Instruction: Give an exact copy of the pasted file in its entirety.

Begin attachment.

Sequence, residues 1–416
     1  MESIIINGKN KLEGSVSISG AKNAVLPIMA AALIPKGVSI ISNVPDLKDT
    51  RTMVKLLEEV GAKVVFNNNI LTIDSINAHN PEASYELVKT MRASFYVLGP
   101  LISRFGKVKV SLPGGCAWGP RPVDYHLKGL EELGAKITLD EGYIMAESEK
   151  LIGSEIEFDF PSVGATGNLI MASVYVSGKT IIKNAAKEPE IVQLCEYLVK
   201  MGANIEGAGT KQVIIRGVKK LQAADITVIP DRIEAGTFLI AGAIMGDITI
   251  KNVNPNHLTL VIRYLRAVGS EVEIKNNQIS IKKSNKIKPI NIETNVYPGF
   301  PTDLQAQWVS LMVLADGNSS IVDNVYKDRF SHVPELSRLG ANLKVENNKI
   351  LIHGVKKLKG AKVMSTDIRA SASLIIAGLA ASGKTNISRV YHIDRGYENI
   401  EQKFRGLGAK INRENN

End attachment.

Sequence, residues 1–416
     1  MESIIINGKN KLEGSVSISG AKNAVLPIMA AALIPKGVSI ISNVPDLKDT
    51  RTMVKLLEEV GAKVVFNNNI LTIDSINAHN PEASYELVKT MRASFYVLGP
   101  LISRFGKVKV SLPGGCAWGP RPVDYHLKGL EELGAKITLD EGYIMAESEK
   151  LIGSEIEFDF PSVGATGNLI MASVYVSGKT IIKNAAKEPE IVQLCEYLVK
   201  MGANIEGAGT KQVIIRGVKK LQAADITVIP DRIEAGTFLI AGAIMGDITI
   251  KNVNPNHLTL VIRYLRAVGS EVEIKNNQIS IKKSNKIKPI NIETNVYPGF
   301  PTDLQAQWVS LMVLADGNSS IVDNVYKDRF SHVPELSRLG ANLKVENNKI
   351  LIHGVKKLKG AKVMSTDIRA SASLIIAGLA ASGKTNISRV YHIDRGYENI
   401  EQKFRGLGAK INRENN